Can Averments In Pleadings Form The Basis of An Action In Libel?

Can Averments In Pleadings Form The Basis of An Action In Libel? By Kehinde Akeremale

by CLRWC in Case Summary

What is libel?

Libel has been defined as a statement in written form which causes a person to be exposed to hatred, ridicule or contempt i.e. to be shunned or avoided and to be lowered in the estimation of right-thinking people in the society.

In other words, libel is the publication of false and disparaging matter against a person to a third party. Libel has publication as one of its three components. The remaining two being whether the words complained of were published by the defendant and whether the words referred to the plaintiff.

The defences to libel are absolute and qualified privilege, justification or truth. Truth as a defence means that the alleged libel is true in substance and fact, that is, the offending words are substantially true. When is a cause of action in libel complete? The court has held that once the plaintiff in a libel case proves that a libel has been published of him without legal justification, his cause of action is complete.

The position of the law is that statements made in the course of or in connection with judicial proceedings are absolutely privileged. Thus, any statement emanating from judicial proceedings cannot give rise to a legally cognizable claim in libel. This position has long been established in a long line of judicial authorities. Thus, in the case of A. A. Ufua v. F. A. Eborieme (1993) LPELR-23674 (CA), the Court of Appeal summed up the whole gamut of the defence of qualified and absolute privilege when it held as follows:

It is important to note that the defence of absolute privilege is not defeasible by malice. And as such, even if a claimant is able to establish that the defendant was actuated by malice, it will avail not him in order to negate the defence of absolute privilege. According to Gatley on Libel and Slander, 12th Edition, at page 483, the learned author posited with respect to the subject matter as follows:

“No actions will lie for defamatory words spoken by an advocate in his professional capacity in the course of an inquiry before a judicial tribunal, even though they were uttered maliciously and not with the object of supporting the case of his client and were entirely irrelevant to the subject-matter of his enquiry…”

Hence, in the English case of Munster v. Lamb (1883) n11 Q.B.D. 588 CA at 605, it was held:

“With regard to counsel, the question of malice, bona fides, and relevancy, cannot be raised; the only question is whether what is complained of has been said in the course of administration of the law.”

The application of absolute privilege is not limited to words spoken by a counsel, it also covers any statements in a pleading, witness statement or other documents incidental to the action. Herein lies the core of this write-up. This position was judicially crystallised by the English case of Pedley & May v. Morris (1891)61 L.J.Q.B. 21.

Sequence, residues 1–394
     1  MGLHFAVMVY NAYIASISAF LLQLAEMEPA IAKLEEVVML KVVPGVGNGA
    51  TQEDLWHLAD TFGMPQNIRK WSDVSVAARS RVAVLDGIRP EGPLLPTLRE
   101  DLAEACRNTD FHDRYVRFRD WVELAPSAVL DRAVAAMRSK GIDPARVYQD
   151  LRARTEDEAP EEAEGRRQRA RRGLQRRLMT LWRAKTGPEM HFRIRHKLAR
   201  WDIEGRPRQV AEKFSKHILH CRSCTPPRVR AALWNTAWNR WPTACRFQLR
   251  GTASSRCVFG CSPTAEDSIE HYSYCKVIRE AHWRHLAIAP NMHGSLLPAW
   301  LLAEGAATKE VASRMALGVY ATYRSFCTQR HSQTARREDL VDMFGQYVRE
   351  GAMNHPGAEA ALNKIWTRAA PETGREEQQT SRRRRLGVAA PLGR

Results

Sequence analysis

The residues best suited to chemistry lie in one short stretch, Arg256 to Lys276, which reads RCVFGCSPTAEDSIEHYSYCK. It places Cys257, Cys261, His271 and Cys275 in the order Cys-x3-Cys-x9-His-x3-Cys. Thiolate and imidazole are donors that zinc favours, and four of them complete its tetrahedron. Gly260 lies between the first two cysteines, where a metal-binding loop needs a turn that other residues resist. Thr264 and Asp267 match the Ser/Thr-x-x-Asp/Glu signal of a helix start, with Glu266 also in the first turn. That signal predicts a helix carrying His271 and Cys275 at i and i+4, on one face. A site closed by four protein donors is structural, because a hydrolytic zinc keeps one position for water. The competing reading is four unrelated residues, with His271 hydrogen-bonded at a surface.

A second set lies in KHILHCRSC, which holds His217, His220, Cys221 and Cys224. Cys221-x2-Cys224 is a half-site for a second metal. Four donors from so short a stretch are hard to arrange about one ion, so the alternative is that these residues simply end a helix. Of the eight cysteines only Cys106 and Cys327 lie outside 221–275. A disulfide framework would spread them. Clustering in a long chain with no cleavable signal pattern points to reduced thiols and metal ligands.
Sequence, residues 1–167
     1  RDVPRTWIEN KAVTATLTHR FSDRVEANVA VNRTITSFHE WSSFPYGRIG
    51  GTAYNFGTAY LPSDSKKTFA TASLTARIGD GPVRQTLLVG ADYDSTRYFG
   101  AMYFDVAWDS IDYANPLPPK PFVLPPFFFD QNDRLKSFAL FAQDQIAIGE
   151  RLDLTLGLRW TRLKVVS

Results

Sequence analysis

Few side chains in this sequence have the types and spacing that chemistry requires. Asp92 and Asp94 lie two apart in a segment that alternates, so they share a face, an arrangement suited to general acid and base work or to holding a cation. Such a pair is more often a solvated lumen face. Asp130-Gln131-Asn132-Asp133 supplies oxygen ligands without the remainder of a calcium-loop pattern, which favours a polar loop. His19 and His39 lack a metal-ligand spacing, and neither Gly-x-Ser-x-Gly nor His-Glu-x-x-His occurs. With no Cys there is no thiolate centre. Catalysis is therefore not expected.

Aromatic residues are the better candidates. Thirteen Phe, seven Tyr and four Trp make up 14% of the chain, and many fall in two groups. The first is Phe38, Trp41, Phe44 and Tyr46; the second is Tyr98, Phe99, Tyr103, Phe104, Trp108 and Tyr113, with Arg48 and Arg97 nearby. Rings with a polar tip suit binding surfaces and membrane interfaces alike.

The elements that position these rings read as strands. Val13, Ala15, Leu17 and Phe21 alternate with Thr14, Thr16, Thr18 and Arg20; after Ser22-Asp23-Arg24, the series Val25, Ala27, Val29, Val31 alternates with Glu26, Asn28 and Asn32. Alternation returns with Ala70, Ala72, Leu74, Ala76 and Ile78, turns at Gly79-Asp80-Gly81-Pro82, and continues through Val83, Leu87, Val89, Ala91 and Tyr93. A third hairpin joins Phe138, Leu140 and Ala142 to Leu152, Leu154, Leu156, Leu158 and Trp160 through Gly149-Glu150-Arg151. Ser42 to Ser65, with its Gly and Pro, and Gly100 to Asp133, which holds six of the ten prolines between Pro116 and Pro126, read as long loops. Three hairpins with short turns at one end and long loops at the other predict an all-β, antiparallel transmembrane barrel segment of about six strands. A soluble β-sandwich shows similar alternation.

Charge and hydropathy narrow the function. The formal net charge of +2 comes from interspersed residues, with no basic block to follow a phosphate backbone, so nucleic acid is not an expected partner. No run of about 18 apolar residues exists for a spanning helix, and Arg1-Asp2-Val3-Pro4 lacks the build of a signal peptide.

Similarly, no action will lie against a party to an action for any defamatory statements made by him in the documents brought into being for legal proceedings when being used for that purpose, e.g a pleading, affidavit or answer to a request for further information.

It must, however, be noted that privilege does apply for publication of pleadings to others than the parties and the court; nor is there absolute privilege for statements by a litigant to the media about the merits of his case. In the same manner, the absolute privilege protects anyone conducting his own case in person, either in a civil or criminal court, to the extent that statements by an advocate acting on his behalf would be protected as held in Boulton v. Clapham (1640) Sir W. Jones 43.

Needless to add that this privilege applies to judges in the performance of their judicial duty. Consequently, no action will lie against a judge for defamatory words used by him while acting in his judicial capacity even though such words were spoken maliciously and without any reasonable or probable cause. Thus, in the immortal words of Scrutton L.J. while expounding this rule in More v. Weaver [1928] 2 K.B. 520 at 522:

A judge is not privileged to be malicious, but he is privileged from inquiry as to whether he is malicious.”

In another notable pronouncement in respect of the same issue, the English court held:

If his judicial duty is transgressed, there is a remedy of a constitutional character through the action of Parliament, but there is no remedy by way of an action at law.” – See Nadeau v. Texas Co, 69 P.2d 586 (Mon., 1937) where the court had ordered that a “scandalous, scurrilous and defamatory” opinion by one of the judges should be struck from the record and not published.

Also, in Anderson v. Goriie, [1895] 1 Q. B. 668, it was held that no action lies against a judge of a Court of Record in respect of any act done by him in his judicial capacity, even though he acted oppressively and maliciously, to the prejudice of the plaintiff and to the perversion of justice.

Also, the Nigeria Supreme Court echoing the above principle in Egbe v. Adefarasin (1985) NWLR (Pt.3)549 (1985) 5 S.C 50 had cause to make a pronouncement on the questions bordering on the liability of judges for libel and held in a similar fashion, precisely on whether an action is maintainable against a judge for anything said or done in the exercise of a jurisdiction which belongs to him, as follows: